FIGURE 3. Effect of phosphorylated OmpR on regulating MrkA expression in K. pneumoniae. K. pneumoniae CG43S3 WT and ompRD55A strains was grown to mid-log phase at 37°C in LB broth with 400 mM NaCl to observe the type 3 fimbriae expression by (A) western blot analysis against MrkA, and (B) qRT-PCR analyses of mrkA gene expression. (C) β-galactosidase activities of K. pneumoniae CG43S3 ΔlacZ and the isogenic strains (ΔlacZ_OmpRD55A) carrying the reporter plasmid pmrkAZ15 (PmrkA::lacZ) were determined using log-phase cultures grown in LB broth with 400 mM NaCl. The results are representative of three independent experiments. Error bars indicate standard deviations. ∗∗P < 0.01 compared to the indicated group. The fold change of MrkA production calculated by Image J software is also shown.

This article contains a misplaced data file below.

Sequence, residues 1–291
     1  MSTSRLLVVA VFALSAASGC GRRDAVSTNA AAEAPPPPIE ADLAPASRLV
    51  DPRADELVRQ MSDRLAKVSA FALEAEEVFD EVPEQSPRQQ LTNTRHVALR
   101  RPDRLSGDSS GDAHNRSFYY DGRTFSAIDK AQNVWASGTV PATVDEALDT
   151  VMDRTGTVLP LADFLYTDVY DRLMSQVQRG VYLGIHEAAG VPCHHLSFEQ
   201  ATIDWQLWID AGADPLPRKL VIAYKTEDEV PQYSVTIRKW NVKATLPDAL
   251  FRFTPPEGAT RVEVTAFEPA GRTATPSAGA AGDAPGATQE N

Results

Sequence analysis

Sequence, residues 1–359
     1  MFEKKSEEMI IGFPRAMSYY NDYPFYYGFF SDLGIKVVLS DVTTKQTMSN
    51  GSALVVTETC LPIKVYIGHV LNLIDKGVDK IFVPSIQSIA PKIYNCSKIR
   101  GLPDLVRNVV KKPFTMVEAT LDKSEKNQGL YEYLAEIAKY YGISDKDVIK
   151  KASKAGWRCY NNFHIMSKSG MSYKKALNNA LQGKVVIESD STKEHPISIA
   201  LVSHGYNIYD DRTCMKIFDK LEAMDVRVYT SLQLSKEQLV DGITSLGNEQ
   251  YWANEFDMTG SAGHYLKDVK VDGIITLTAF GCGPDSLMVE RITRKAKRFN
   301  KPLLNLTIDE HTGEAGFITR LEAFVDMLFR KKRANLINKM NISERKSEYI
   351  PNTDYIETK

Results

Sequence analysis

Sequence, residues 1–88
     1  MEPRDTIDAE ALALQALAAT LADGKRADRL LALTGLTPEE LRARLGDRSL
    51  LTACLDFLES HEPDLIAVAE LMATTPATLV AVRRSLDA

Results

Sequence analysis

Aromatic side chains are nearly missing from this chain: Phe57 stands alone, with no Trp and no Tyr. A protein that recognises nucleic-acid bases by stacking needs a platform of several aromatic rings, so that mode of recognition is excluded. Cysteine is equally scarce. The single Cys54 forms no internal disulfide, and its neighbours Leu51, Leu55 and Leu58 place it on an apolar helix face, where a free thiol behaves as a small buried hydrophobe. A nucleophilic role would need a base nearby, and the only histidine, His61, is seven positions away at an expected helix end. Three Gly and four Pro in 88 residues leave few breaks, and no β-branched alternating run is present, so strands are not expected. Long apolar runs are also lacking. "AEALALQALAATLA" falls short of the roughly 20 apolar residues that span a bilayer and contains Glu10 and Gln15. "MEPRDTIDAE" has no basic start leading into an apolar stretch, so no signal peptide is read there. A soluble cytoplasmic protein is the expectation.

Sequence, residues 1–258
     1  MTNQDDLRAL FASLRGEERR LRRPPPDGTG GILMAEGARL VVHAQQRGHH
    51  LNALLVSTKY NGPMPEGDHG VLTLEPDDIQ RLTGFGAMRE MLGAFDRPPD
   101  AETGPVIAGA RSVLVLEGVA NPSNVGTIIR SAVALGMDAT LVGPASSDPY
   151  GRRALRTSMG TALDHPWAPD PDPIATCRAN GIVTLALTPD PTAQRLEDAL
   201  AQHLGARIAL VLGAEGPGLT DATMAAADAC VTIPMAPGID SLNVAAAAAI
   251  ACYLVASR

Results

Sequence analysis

OmpR-Mediated Regulation of Type 3 Fimbriae Expression Is Probably Indirect
To investigate the mechanism underlying OmpR regulation of mrkA transcription, the consensus sequence of the E. coli OmpR∼P binding site was used as a reference for analyzing the mrkA promoter sequence (Yoshida et al., 2006). However, no typical OmpR binding site was found upstream of mrkA. To further confirm the absence of OmpR∼P binding activity in PmrkA, the interaction between a recombinant OmpR::His6 protein phosphorylated by acetyl-phosphate and DNA fragments containing PmrkA and PompF (positive control) were examined by EMSA. As shown in Figure 4, a DNA-protein-binding complex was observed following incubation of 1.3 μM phosphorylated OmpR::His6 and 10 ng PompF. However, no binding activity was observed for the phosphorylated OmpR::His6 protein with PmrkA (Figure 4). These results indicate that OmpR activation of type 3 fimbriae expression may be indirect.
FIGURE 4. Binding activity of phosphorylated OmpR::His6 with PompF and PmrkA. Different concentrations of purified OmpR::His6 were incubated with 25 mM acetyl phosphate and 10 ng of the upstream regions of ompF and mrkA. Following incubation at room temperature for 20 min, the mixtures were analyzed on a 5% non-denaturing polyacrylamide gel. The gel was stained with SYBR Green I dye and photographed.
Regulatory Effect of OmpR on mrkHIJ Expression